If you are formally recognised as a victim, you will receive a notification for the time and place of the court hearing. If you have not requested to be formally recognised as a victim so far you can do it during the court hearing.
As a formally recognised victim, during the trial you can:
You can request reimbursement of the expenses you have made during the trial. You can receive reimbursement for travel and accommodation expenses as well as compensation for lost remuneration. Requests for reimbursement are submitted to the court.
During the trial the judge will most probably call you for an interview as a witness. In this case you have to go to court and take part in the court hearing.
You will be asked to make an oath that you will speak the truth and not hide information. You can refuse to be interviewed only if your testimony may lead to criminal prosecution against you or your relatives. In all other case if you refuse to testify you risk being fined.
If you are a child under 18 years of age you will not be asked to attend the court hearing and you will not be interviewed during the trial. Instead, the record of your interview during the investigation will be used. Only in exceptional cases you may be asked to appear before the court and be interviewed for a second time.
You can receive legal aid free of charge only if you are participating in the trial as a formally recognised victim and/or a civil claimant. If you are participating in the trial as a victim you have to present evidence that your income does not allow you to pay for legal services. If you are claiming damages from the offender as a civil claimant legal aid free of charge is available irrespective of your income.
If you qualify for legal aid you will be provided with a lawyer free of charge who will assist you during the trial and represent you before the court.
If you are in danger you can benefit from the same protection measures as during the investigation.
Your identity can be kept secret if:
If you want your identity to remain secret you have to make a request to the judge. When your identity is kept secret your personal data will not be omitted from the documents in the case file and will be replaced by a special identification number. Only the judge, the public prosecutor and the police officer in charge of your case will have access to your personal data. You will be interviewed in the absence of the offender and his/her lawyer or via telephone or videoconference.
If you have suffered from a serious crime and there exists a real threat to you life, health, or property you can ask for additional protection measures for you and/or your spouse, partner, parents (including adoptive parents), children (including adopted children), brothers, sisters, grandparents, and grandchildren.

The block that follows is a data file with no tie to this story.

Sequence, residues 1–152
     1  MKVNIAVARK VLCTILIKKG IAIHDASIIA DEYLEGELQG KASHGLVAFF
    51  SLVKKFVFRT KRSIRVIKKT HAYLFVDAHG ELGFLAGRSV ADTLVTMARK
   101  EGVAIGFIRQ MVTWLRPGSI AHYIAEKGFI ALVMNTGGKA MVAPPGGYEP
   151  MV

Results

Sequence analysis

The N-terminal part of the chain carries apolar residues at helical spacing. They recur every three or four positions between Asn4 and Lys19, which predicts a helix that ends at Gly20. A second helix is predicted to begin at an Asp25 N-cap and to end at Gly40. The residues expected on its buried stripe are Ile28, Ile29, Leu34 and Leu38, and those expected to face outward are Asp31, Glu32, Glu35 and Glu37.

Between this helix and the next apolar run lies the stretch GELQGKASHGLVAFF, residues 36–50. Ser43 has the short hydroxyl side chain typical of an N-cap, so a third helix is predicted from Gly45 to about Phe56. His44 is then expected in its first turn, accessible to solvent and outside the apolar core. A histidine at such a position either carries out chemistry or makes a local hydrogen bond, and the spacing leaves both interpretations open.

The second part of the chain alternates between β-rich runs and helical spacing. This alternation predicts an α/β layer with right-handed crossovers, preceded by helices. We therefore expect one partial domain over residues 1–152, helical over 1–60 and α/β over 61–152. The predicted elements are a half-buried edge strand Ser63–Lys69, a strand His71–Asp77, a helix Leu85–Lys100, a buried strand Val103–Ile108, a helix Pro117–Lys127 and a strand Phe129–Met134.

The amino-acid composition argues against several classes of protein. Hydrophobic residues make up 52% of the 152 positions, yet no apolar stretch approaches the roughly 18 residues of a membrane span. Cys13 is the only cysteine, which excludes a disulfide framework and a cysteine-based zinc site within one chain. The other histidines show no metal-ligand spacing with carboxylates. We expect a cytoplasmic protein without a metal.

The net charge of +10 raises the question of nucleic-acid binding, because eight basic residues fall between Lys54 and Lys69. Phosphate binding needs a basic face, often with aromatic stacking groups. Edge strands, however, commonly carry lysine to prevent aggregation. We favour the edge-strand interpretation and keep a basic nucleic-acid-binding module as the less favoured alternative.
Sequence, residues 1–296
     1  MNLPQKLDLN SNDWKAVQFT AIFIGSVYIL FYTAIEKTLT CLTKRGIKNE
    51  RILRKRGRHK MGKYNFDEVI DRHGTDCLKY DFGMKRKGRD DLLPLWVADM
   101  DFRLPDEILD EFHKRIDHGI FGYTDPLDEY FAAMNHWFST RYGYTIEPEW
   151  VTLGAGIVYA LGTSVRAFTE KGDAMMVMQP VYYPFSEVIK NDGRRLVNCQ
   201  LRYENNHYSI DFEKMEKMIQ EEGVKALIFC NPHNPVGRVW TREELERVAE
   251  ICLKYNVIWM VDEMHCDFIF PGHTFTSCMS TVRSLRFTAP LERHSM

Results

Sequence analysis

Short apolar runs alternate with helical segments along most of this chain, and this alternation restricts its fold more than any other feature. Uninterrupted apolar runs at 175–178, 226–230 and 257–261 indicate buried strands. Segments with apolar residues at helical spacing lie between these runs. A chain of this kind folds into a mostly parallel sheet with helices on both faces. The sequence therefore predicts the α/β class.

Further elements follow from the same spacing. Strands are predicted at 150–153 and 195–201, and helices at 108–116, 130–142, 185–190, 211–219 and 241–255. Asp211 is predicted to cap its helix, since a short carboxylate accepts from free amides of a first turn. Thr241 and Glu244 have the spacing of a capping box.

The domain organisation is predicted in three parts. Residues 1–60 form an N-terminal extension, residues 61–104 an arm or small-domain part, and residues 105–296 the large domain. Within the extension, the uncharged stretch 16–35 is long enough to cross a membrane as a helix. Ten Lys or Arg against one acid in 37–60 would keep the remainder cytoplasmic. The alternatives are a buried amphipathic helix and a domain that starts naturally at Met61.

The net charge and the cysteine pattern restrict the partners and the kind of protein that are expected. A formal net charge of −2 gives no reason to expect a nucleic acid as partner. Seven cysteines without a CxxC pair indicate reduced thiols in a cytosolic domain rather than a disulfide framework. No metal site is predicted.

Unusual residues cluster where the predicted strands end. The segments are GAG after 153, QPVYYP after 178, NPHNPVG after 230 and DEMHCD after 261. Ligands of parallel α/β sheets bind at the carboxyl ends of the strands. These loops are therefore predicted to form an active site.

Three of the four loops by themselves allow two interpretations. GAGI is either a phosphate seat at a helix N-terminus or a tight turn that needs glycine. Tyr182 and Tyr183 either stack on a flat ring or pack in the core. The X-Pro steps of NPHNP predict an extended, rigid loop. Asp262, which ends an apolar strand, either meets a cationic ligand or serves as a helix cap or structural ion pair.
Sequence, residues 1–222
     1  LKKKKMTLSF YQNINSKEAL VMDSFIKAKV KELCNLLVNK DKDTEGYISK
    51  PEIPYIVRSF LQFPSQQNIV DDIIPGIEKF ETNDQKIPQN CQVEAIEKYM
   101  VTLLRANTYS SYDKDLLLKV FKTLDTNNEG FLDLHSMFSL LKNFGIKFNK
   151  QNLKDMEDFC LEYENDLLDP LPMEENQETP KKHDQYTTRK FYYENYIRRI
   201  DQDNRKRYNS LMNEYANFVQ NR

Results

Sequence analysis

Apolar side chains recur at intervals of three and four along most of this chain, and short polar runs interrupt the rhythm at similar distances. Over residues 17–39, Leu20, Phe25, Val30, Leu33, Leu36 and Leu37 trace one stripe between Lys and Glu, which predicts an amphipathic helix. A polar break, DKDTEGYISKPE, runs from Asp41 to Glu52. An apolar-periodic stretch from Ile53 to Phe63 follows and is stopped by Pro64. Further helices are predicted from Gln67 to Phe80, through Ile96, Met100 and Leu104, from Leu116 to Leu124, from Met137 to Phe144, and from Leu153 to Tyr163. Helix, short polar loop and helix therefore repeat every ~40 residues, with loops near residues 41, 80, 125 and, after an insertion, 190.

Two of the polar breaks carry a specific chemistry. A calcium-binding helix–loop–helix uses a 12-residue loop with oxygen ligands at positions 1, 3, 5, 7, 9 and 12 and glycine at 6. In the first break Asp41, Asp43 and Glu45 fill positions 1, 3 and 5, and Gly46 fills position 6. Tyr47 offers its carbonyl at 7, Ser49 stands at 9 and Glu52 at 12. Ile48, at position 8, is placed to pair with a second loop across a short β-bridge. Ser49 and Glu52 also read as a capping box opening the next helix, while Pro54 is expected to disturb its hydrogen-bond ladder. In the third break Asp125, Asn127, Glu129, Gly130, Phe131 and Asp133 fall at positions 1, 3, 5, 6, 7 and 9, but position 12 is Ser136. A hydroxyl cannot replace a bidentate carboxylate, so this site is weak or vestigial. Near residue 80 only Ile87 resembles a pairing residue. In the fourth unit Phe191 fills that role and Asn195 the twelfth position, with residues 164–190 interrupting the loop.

The additional protection measures may include:
You can claim damages from the offender by filing a civil claim during the criminal proceedings at any time during the investigation of the crime. You can file your claim to the public prosecutor in charge of your case or to the court. When you file a civil claim you will become a civil claimant.
If you do not want to claim damages from the offender during the criminal proceedings you can file a separate claim before a civil court. You cannot file claims both in the criminal proceedings and before a civil court.
If you are victim of a violent crime you are also entitled to compensation provided by the State. Please consult the factsheet on compensation to crime victims in Lithuania (available in Lithuanian, English and other languages) of the European Judicial Network.
Opportunities to reach conciliation with the offender exist during all stages of the investigation of the crime, including in court.
If you are a foreigner you have all the rights listed above. You can also benefit from additional rights aimed at facilitating your participation in the proceedings.
The trial will be conducted in Lithuanian. If you do not speak Lithuanian you can use your mother tongue or any other language you understand. The court will provide you with an interpreter free of charge to assist you when you attend court hearings. All documents you receive from the court during the trial must also be translated in a language you understand.
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